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Real Estate Investing Strategies: The Art of Tax Sales

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By : Olliver Kennedy    99 or more times read
Submitted 0000-00-00 00:00:00
I've been a real estate investor for over 10 years and tax sales have really been a great investing area for me. So I wasn't surprised when I saw that John Beck has been running an informercial now for some time showing others how to make money just like I have purchasing tax sale properties. The most exciting thing about the informercial featuring John Beck is the display of properties he shows which his students have purchased for less than $1000, free and clear.

I'm sure if you're reading this page now, you're considering buying John's course, or at the very least, curious about how tax sales work. But maybe you saw the "Inside Edition" in April 2009 exposing John Beck for fabricating some or all of his examples on tv.

I can't confirm for sure if the Inside Edition episode is accurate or not, but I can tell you for sure that tax sales can produce the best bargains out there in real estate investing. But before you jump on the John Beck website or call his 800 number to order his program, why not learn a little about tax sales and decide what you want to accomplish with tax sales.

The first thing you need to know about investing at your chosen tax sale is whether the government is offering a tax deed or a tax lien when you buy at the auction.

If they are offering a tax deed, a list will come out showing all properties subject to tax deed sale, and if the owner does not pay the taxes by the tax deed sale date, you can bid on the property against others at the sale. If some states, you are the successful bidder, you will own the property free and clear (in others, there are some hoops to jump through first).

Can you guess what the problem is with trying to get a bargain property at a tax deed sale? You will be bidding against many other bidders at the sale, and it would be a rare event indeed to get a property worth $50,000 for $500 when there are other bidders in the room bidding against you.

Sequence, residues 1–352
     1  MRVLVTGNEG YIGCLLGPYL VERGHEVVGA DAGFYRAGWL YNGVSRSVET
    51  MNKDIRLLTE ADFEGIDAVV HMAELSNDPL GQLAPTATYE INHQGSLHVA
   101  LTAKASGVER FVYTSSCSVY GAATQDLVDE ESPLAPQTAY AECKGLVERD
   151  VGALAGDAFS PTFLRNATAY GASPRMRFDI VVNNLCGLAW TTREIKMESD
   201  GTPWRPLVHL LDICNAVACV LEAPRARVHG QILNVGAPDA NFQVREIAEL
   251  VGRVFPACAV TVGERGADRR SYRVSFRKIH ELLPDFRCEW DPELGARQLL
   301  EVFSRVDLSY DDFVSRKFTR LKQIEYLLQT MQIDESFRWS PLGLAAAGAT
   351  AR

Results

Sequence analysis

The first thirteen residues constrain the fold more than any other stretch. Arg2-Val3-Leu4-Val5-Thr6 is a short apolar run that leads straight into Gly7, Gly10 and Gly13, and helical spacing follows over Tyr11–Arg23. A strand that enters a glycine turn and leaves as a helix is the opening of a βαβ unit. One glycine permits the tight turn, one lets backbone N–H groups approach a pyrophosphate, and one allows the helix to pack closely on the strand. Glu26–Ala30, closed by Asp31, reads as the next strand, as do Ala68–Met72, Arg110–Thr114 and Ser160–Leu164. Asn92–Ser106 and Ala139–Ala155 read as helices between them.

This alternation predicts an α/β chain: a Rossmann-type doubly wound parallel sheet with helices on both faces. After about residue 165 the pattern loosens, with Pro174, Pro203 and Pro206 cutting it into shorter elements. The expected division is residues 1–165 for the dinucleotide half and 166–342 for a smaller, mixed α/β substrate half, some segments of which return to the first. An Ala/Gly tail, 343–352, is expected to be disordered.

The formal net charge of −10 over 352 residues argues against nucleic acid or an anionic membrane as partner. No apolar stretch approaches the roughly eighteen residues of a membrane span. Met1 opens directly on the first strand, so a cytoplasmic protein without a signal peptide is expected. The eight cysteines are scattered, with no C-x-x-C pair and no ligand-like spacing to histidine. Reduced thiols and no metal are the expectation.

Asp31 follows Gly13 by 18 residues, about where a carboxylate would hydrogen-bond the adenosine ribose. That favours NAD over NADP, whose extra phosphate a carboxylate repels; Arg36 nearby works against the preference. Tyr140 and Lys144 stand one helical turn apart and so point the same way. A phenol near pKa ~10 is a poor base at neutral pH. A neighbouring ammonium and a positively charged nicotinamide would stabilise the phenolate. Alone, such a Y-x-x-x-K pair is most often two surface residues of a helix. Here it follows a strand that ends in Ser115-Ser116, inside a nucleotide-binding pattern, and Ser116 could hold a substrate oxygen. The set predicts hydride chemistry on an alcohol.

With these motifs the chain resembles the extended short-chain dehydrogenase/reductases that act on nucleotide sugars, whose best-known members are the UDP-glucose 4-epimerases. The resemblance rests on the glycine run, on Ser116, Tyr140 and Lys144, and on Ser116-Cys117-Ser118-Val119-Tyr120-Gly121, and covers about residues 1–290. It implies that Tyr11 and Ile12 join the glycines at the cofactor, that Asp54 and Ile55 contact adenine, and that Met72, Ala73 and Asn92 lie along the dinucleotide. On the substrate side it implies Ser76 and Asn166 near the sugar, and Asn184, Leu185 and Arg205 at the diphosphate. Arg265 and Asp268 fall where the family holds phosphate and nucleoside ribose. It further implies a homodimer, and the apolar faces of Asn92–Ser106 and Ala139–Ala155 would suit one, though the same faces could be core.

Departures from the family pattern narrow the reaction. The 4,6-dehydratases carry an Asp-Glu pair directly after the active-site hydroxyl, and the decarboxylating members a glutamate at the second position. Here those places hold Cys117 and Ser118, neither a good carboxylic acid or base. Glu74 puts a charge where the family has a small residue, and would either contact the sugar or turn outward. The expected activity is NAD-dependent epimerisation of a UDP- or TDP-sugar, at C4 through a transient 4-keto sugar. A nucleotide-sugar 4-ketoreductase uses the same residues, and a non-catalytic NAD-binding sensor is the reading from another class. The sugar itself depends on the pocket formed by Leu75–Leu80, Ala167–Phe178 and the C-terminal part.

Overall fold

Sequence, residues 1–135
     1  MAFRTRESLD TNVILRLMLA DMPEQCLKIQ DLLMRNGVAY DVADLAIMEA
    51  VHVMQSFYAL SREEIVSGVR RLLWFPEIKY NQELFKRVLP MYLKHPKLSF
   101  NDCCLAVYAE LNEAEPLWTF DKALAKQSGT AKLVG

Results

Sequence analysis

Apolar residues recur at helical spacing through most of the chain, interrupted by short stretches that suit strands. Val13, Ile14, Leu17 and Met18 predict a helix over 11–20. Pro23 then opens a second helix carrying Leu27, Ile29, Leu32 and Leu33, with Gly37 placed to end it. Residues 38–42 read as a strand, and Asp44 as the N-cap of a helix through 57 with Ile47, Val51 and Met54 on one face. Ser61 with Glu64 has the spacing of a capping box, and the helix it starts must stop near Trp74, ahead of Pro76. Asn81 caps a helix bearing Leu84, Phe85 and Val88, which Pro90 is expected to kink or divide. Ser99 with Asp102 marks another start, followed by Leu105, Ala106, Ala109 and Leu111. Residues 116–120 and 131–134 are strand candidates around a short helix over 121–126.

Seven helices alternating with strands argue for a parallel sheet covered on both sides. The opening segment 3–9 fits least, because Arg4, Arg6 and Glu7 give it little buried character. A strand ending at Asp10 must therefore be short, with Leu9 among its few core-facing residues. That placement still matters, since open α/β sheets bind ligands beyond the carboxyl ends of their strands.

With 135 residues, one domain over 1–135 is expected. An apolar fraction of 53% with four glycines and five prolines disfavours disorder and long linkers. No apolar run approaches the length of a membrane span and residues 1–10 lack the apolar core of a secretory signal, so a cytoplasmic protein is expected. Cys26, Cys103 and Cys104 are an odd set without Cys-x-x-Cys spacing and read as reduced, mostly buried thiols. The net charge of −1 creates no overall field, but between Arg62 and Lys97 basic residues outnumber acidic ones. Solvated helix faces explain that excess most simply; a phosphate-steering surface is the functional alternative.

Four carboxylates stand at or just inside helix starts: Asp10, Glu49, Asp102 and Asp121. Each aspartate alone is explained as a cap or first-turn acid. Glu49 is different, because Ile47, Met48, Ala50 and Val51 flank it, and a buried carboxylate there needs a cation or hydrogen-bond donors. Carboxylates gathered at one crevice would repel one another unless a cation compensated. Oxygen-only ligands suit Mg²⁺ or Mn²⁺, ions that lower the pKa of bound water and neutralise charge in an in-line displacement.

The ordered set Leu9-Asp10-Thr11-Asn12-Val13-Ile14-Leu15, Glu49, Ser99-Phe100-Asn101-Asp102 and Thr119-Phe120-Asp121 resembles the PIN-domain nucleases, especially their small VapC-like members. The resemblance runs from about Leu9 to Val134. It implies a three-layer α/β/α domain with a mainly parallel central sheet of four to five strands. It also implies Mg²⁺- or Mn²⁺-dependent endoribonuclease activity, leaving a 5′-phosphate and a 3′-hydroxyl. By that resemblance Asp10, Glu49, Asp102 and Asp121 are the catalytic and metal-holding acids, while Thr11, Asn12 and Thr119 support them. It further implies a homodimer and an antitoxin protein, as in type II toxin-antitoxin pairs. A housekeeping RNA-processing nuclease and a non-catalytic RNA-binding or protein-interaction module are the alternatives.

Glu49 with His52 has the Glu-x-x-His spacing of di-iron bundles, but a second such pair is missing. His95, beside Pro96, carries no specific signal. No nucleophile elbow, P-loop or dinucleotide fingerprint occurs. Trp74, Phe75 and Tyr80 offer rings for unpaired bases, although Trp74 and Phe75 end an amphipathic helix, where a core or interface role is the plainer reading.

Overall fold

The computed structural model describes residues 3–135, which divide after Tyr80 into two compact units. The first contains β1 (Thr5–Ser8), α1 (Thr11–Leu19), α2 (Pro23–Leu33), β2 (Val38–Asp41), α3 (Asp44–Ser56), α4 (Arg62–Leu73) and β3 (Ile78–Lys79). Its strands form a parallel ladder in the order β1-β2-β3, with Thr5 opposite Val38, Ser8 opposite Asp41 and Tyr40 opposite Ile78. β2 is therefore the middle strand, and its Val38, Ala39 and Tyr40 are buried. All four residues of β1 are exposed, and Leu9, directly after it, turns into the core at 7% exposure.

If the government is offering a tax lien, you will be buying only a lien against the property, not the property itself. You will have to give the owner a certain period of time, which varies from state to state, to pay the lien off. If the owner does not pay the lien off in this time period, you may then be eligible to apply for a tax deed to the property. In some states the owner can pay the lien off right until you get your tax deed.

Now, you will have a much better chance buying a bargain tax lien that can lead to an eventual property deed. The problem is, if you've purchased a lien against a $50,000 property for $286, most of the time, the owner will show up to redeem (pay the taxes on) the property!

What other obstacles will you face? Well, my county recently put out a list of 10,000 properties to be offered at their tax lien auction, and only about 1,200 sold. That tells you that the other 9,000+ properties were not even worth the amount of taxes owed on them!

You will have to attempt to eliminate worthless properties from the list that comes out, and personally inspect the rest (from the outside only!) Then you'll have your "short list" of properties you want to bid on, and you'll have to determine the maximum you're willing to pay for each.

Once you get to the sale, you will be outbid on many of these, and others will no longer be offered at the sale.

After all this work, maybe you've purchased a few cheap tax liens against good property. Now you will usually need to hire a lawyer to do a title report and give notice to each party that has an interest in the property. If the owner doesn't pay you off, congratulations! You may now apply for a deed to the property.

Just be forewarned, your deed is probably not exactly "free and clear"! The IRS may still have certain rights in the property, and in most areas you will have to do a "quiet title action" in order to be able to sell the property with title insurance. This quiet title action gives all interested parties one more chance to challenge your tax deed. These parties can and do come forward and reverse tax sale deeds all the time.

Who is the tax sale right for, then?

If you're like most aspiring tax sale investors, you want cheap property, and you want it now! Unfortunately, it's almost impossible to get cheap property now through a tax deed sale, and you have a long education and wait ahead of you if you want to acquire properties through tax liens.

The fact is though, if you have a large amount of money to invest, and want to do so safely, tax liens are a great investment. This will be proven to you when you attend your first major tax lien sale. Institutions often attend the sale and purchase millions of dollars in liens at a time. Most states provide for a 10-20%+ return on your money if you invest in tax liens.

However, if you are limited in funds, or really just want properties instead of a decent annual return on your money, you need to try deedgrabbing. It's a way to get tax property before the auction, without bidding against other bidders, oftentimes free and clear, and... ready for this?... for under $1000 most of the time, and sometimes for free. Yes... free.
Author Resource:- Want to learn the secrets of deedgrabbing? Go to
Olliver Kennedy is a successful entrepreneur and real estate expert.
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